EU pauses authorized motion towards UK over Northern Eire protocol 

The European Commission has suspended legal action against the UK for implementing the post-Brexit deal on Northern Ireland, hoping to find solutions to outstanding issues.

Brexit Minister David Frost called for significant changes to the Northern Ireland Protocol, an element of the deal he was negotiating, stating that “we cannot go on as we are”.

He called for a “deadline”, the current grace period to be maintained and for EU legal action against the UK to be suspended while changes are negotiated.

A spokeswoman for the European Commission said Tuesday that the pause would be used to examine proposals made by the United Kingdom last week.

The spokeswoman added: “Although the EU will not renegotiate the Protocol, we stand ready to address in a spirit of good faith and cooperation any issues that arise in the practical implementation of the Protocol.

“It is important that we continue constructive discussions in the coming weeks.

Brexit Minister David Frost leaves the Department for Business, Energy and Industrial Strategy on Victoria Street, London

With regard to the decommissioning request, the Commission will “carefully examine the UK’s new proposals in accordance with the necessary consultation procedures both internally and with the European Parliament,” she added.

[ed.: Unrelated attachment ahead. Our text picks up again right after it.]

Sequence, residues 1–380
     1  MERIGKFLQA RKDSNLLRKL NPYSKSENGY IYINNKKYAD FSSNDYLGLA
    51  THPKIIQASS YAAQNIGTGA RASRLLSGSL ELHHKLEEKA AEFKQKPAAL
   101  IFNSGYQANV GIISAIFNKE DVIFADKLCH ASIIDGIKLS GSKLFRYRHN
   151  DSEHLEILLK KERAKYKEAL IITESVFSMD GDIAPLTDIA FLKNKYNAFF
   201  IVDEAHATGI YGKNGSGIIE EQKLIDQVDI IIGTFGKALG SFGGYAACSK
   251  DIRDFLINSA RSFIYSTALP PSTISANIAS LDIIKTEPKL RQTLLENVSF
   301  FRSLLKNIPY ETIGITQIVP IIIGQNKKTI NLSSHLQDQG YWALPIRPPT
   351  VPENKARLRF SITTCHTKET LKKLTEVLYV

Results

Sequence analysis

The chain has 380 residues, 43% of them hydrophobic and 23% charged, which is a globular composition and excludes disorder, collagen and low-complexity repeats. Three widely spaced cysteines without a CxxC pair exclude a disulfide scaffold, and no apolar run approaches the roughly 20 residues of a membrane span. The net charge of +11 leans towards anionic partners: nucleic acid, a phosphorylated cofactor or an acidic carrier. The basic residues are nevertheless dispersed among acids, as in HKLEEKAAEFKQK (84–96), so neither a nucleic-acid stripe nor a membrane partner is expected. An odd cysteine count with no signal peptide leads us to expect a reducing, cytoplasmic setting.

“In order to create the necessary space to reflect on these questions and find lasting solutions for the implementation of the protocol, we have decided at this point not to move on to the next stage of the infringement procedure that started in March.”

A UK government spokeswoman said she had received a constructive response from the commission to a request to close existing agreements.

“We look forward to engaging with the EU in the coming weeks to advance the proposals in our Command Paper.

“As we pointed out in the Command Paper last week, significant changes are needed to ensure that the protocol is viable for the future.”

The Northern Ireland Protocol, which is part of the Brexit agreement agreed between Great Britain and Brussels, effectively keeps Northern Ireland in the EU’s internal market for goods.

This means controls on goods being sent from the UK to the internal market and in some cases may result in bans on certain products that do not comply with EU rules.

The protocol was put in place to ensure there was no hard border with Ireland, but instead it effectively set up a trade barrier in the Irish Sea.

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